OWTU to launch anti-government campaign over workers’ safety

The content originally appeared on: Trinidad and Tobago Newsday

Ozzi Warwick, chief education and research officer at the OWTU alongside political leader of the MSJ David Abdulah speak from the steps of the OWTU’s headquarters at Paramount Building, San Fernando, on Saturday. – Lincoln Holder

OILFIELD Workers Trade Union (OWTU) Pointe-a-Pierre branch president Christopher Jackman says the union will launch a campaign against the PNM, calling on people to vote against them in the August 14 local government elections, if they do not implement policies to protect the safety of workers. He was addressing a small protest held by OWTU members outside of the former Petrotrin bond in Pointe-a-Pierre on Wednesday.

Jackman said, “Until the Government corrects this issue, we will push on the ground, we will push among our workers and we will also push politically, a campaign that identifies all the sins of this government.”

He included amongst those “sins”, the four per cent wage increase offered to public sector workers and the deaths of four divers at Paria Fuel Trading Company last February.

Jackman reiterated the OWTU’s view that the PNM is anti-worker.

He said the union will get its message out through methods such as public protests and social media.

“We know very well that we are in election silly season and we intend to utilise our leverage to the best than we can.”

Jackman warned that if the Government does not treat with workers’ concerns then the OWTU will do what it has to “make sure that (Prime Minister) Rowley is removed from government.”

Asked specifically if the OWTU was asking people to vote against the PNM on August 14, Jackman said, “We will be telling them that the government needs to be removed.”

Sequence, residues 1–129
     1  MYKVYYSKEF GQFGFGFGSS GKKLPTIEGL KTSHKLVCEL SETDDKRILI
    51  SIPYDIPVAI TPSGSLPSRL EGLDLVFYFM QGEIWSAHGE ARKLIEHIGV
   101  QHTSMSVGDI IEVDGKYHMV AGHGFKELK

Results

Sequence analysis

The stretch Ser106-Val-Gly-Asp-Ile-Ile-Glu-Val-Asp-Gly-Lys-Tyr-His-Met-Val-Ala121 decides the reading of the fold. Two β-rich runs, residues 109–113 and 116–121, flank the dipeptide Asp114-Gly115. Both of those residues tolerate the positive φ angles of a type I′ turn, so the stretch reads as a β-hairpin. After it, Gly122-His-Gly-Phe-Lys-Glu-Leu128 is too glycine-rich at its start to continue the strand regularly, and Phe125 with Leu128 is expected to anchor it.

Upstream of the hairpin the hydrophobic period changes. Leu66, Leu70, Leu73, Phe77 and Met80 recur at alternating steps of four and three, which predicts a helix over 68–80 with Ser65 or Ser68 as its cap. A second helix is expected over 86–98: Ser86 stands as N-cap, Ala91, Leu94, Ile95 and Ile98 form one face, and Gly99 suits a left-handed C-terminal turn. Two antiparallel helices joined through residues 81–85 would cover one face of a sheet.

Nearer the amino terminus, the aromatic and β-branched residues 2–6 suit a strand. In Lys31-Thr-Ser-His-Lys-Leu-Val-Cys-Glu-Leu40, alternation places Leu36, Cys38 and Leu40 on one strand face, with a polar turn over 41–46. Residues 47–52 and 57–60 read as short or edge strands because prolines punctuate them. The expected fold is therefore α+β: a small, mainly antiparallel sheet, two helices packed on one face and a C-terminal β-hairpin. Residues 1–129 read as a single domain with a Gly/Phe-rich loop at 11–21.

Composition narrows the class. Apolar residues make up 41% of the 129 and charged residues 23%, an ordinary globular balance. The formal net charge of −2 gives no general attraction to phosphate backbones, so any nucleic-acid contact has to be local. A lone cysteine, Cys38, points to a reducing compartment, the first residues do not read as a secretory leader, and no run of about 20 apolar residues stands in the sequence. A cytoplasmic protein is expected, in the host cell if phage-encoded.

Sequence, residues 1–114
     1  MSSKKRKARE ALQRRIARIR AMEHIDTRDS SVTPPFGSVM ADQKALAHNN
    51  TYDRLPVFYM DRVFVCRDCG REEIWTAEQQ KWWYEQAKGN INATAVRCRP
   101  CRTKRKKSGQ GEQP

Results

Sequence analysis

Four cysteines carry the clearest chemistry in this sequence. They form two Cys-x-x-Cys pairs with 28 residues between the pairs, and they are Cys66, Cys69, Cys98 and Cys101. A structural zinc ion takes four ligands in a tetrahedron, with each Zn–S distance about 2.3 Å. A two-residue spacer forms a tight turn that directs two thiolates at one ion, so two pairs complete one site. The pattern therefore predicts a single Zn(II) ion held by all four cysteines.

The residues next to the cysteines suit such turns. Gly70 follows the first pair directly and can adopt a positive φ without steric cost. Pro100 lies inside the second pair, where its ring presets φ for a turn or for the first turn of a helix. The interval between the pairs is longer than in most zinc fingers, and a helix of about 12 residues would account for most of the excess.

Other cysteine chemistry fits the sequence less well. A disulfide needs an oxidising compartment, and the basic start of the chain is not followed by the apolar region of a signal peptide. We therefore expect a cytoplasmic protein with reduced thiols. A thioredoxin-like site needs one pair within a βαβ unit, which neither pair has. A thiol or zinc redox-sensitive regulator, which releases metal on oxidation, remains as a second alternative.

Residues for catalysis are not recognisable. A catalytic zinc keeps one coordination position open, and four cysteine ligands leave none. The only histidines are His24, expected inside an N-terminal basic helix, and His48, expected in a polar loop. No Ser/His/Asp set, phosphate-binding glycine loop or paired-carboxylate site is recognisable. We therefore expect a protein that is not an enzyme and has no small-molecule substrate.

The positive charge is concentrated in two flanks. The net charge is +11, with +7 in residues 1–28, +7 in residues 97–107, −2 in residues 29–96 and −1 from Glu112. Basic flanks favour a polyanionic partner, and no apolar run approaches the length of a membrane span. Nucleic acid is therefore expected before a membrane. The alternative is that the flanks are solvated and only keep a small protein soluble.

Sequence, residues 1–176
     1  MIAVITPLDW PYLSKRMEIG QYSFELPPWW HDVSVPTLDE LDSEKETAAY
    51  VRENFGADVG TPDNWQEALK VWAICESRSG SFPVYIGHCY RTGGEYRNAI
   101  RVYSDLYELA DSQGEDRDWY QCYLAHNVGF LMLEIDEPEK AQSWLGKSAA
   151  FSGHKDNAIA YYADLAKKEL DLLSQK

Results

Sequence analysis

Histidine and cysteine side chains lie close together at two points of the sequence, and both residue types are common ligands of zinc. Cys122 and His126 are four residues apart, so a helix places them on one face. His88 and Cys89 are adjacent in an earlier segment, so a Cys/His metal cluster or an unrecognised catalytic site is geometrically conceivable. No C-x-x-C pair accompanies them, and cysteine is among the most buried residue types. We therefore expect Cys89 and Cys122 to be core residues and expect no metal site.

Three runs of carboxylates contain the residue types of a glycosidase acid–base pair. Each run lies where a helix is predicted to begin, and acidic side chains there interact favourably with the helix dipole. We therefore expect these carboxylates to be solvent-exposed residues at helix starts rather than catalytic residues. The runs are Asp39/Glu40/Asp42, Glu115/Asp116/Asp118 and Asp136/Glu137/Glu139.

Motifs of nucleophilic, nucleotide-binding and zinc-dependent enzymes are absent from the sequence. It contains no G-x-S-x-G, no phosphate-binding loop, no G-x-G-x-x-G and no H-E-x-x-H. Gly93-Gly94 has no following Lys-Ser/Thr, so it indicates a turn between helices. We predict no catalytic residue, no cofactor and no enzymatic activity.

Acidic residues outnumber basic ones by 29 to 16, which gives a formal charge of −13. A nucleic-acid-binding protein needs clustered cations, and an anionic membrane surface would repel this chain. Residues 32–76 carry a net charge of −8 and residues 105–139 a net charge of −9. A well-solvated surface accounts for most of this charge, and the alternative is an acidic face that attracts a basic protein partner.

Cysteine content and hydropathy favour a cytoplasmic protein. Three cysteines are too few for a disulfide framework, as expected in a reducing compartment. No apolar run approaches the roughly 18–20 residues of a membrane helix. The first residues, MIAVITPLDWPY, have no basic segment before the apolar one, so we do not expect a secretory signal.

While the OWTU does not represent Niquan workers, Jackman said the union is speaking on their behalf with respect to the death of Allan Lane Ramkissoon.

Ramkissoon, an employee of Massy Energy Engineered Solutions Ltd (MEES), suffered severe burns to his body during an incident at Niquan’s plant in Pointe-a-Pierre.He was flown to Colombia for treatment but died on June 18. The Occupational Safety and Health Agency (OSHA) and the Energy Ministry are investigating the matter.

Jackman said to date, the company has not provided an official report on the circumstances which led to Ramkissoon’s death.

He questioned whether proper procedure was followed when the accident happened and was not confident about the outcome of these investigations.

Jackman said that when accidents happen on the workplace, the OWTU is observing a pattern where workers are afraid to speak out for fear of victimisation or losing their jobs.

He also said the OWTU is concerned about the families of workers who are either injured or killed on the job, not being treated properly by the workers’ employers.

Jackman said in some of these situations, workers’ relatives may take legal action against the employer.

He reiterated the union’s concern about the state of the Petrotrin pension fund.

Jackman said 7,500 former Petrotrin workers are receiving pensions from this fund.

He claimed a report on the fund said it was under threat and needed $216 million annually for the next decade to remain stable.

Speaking on this matter in Parliament last March, Finance Minister Colm Imbert said the fund stood at $7.859 billion.